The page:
The total prize pool of Dota 2’s The International competition currently sits at $18.5 million, and that’s a great number. The largest of any eSports competition ever, in fact.
It’s fantastic for the fans whose purchases help fund the prize, for the players who will win a portion of that significant cash total and for the headlines – big numbers always equals bigger headlines.
At the risk of sounding miserly, though, such a huge sum could have a detriment on the industry as a whole as it continues to expand.
It’s great news for the biggest and the best eSports teams that can afford to make it that far into The International since they don’t even need to come in first to get ahold of a very significant lump of cash.
And that huge payoff for the few elite at the top will be a dream for the amateurs looking to break into competitive Dota 2, much like an eleven-year-old booting a football down at the local park dreams of playing for a top Premiership Football team.
That’s all a positive force for good, of course. Indisputably.
Yet it’s restrictive, too. With prize pools this large – the nearest at Valve’s own Dota 2 Majors with $3 million, Halo World Championships at $2.5 million, ELeague’s first season coughing up $1.4 million and myriad Call Of Duty, CS:GO and even Smite events giving out $1 million.
And while these may well be exceptions, they’re necessary evils. If publishers and event organisations want their tournaments to draw in the viewership it needs to succeed, it needs to draw in the biggest and the best players.
Halo is a perfect example. As an eSport it’s been ticking along nicely for years, but in the modern climate it isn’t managing to compete with Dota 2, League Of Legends, CS:GO and even Call Of Duty. It’s viewership is significantly lower.
It’s clear to see Microsoft’s recent interest in eSports with Halo then, since now The World Championships is offering $2.5 million, and yet before that the most a Halo competition gave out was $300,000.
Significant for the players, sure, but compare that to Dota 2’s $18.5 or even CS:GO’s more regular $1 million prize pool competitions and it can be easy to see why many will think the grass is greener elsewhere.
But by injecting such a large amount into Halo, Microsoft has suddenly turned Halo eSports into something of value, of worth. Players and teams are drawn to the big prizes like flies to a honeypot.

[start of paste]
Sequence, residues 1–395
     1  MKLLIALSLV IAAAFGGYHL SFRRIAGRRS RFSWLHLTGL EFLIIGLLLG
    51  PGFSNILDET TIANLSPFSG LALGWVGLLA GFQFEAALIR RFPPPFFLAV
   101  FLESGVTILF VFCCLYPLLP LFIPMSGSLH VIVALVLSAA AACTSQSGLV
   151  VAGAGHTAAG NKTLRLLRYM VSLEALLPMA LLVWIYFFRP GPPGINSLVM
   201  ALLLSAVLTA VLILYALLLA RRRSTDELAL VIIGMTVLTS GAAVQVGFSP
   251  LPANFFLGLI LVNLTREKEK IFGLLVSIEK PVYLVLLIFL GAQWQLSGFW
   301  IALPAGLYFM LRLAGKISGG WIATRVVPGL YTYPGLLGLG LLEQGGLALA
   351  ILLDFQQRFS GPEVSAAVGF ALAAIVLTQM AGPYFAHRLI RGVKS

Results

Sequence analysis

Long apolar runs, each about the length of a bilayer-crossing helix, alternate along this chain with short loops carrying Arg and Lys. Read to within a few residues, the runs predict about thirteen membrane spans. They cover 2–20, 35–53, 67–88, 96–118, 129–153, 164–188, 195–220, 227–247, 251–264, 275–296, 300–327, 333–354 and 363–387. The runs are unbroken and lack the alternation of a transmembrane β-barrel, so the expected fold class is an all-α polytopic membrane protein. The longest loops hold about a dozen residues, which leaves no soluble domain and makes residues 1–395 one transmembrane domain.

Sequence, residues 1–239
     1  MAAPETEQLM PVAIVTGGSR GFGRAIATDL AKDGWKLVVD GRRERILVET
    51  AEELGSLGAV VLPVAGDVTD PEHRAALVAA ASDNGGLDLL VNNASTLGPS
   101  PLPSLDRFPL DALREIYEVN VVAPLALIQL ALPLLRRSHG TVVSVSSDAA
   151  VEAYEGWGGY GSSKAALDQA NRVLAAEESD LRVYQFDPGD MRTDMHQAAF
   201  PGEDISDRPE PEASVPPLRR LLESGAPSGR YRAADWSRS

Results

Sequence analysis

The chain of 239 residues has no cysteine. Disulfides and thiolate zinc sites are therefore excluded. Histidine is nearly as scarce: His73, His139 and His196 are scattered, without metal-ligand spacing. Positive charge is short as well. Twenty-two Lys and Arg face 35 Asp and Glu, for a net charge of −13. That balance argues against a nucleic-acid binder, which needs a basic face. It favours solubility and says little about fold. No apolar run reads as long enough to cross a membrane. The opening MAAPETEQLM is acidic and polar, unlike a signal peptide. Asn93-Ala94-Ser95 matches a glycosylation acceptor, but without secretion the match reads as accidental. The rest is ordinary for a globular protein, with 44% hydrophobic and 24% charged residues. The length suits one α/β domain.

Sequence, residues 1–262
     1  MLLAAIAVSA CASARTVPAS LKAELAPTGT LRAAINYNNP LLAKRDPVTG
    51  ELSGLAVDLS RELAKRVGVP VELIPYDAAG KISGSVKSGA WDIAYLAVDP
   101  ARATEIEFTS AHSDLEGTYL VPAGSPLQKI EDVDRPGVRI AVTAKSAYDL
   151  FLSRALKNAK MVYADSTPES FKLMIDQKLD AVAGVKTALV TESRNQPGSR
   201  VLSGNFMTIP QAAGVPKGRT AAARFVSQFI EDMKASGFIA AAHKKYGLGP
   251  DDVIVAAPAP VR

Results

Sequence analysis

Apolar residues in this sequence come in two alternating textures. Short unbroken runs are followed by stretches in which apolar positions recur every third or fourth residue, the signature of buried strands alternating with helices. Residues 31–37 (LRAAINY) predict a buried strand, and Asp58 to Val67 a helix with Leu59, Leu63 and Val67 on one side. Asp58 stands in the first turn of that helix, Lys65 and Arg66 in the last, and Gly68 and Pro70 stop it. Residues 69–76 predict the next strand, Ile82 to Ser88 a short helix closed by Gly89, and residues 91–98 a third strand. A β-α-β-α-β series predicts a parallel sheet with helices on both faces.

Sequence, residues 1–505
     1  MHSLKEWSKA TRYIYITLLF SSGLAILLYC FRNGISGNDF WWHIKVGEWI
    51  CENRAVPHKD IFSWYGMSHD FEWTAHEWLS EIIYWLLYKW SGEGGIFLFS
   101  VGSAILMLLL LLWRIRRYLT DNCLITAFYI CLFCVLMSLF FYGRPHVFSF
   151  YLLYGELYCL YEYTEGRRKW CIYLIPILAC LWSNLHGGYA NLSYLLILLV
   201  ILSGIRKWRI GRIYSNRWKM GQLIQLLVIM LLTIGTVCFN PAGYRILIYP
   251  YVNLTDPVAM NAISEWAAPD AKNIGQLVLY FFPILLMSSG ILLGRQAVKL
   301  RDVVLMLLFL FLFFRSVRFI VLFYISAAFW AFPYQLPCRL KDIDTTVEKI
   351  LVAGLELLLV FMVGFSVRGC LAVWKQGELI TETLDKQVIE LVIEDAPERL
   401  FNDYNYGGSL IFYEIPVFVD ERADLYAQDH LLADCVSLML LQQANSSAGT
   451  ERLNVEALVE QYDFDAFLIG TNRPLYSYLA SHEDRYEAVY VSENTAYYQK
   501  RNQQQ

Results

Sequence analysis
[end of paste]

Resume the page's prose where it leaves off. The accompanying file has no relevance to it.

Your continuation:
That means those that can’t afford to offer up the big prize funds will struggle to gain any kind of notoriety in the eSports scene. Upcoming games like Rising Thunder, Atlas Reactor or Gigantic will suffer at building an audience without significant investment for prizes.
Heck, even Heroes Of The Storm is being criticised because of its low interaction from both eSports teams and viewers. For reference, HOTS manages a couple of Dreamhack events doling out $500,000, which was true of Blizzard’s own finals until this year where it has bumped the total up to $1,000,000.
StarCraft 2 survives simply because of the diehard fanbase, but even then the Premier events rarely push over $150,000 in funds.
And given the choice for a young, up-and-coming talent, where would they be better spending their time practising? The high value prizes of Dota 2 and League Of Legends are going to be far more tempting than focusing on StarCraft 2. Or any other lesser game, for that matter.
The only reason Overwatch has maintained such a wide interest in eSports so far is simply because the world wished it to be a successful competitive title, and so already we’ve seen ELeague and FACEIT partner to create a $300,000 tournament.
You can count on this, though: if Overwatch doesn’t get more significant tournaments – and a greater financial backing from Blizzard – then we’ll likely see it fall from prevalence as more and more teams drop their Overwatch squads.
To maintain sustainability the biggest eSports teams need to spend their time (and money) wisely, and the bigger the stakes the bigger the percentage of the winnings – even if they come in second, third or even fourth.
If there’s one thing that’s true about eSports it’s that it’s not entirely about the money, at least at a lower level. A competitive scene can build up around the most unlikeliest of games, and once it’s there that’s when money can start to be involved.
Just like any traditional sport there are always grassroots programs and amateur scenes, and eSports will forever harness that. But the more and more money that becomes involved with the prizes, the more it’ll become harder for anyone without that initial backing to stand out.
With huge brands and big-name broadcasting companies now getting involved with eSports, it’ll become even harder for the smaller eSports scenes to take part.
Because eSports isn’t like traditional sports. As a player of a particular sport you’ll only have a handful of options open to you, and it’s through those channels you’ll need to work your way up.
Playing for a lesser known game isn’t like playing in a lower league of football. Sure there are fewer viewers and less money, but even if you were to become the unbeatable champion of that game, there’s no further progression beyond that, fewer opportunities to make it as a career.
If you want to make a living out of competitive gaming, you’ll need to focus your efforts on something that has progression to success or for long-term sustainability.
While it’s only right that the more popular games ought to be able to offer up more considerable prizes, Dota 2’s inflated prize pool could only risk causing a separation and stifle the prospectives for new and exciting upcoming eSports.
The eSports industry has thrived on its innovation and variety, and without that we’d be left with the same handful of games. It’d be a shame to make the industry so exclusive because of one overeager competition.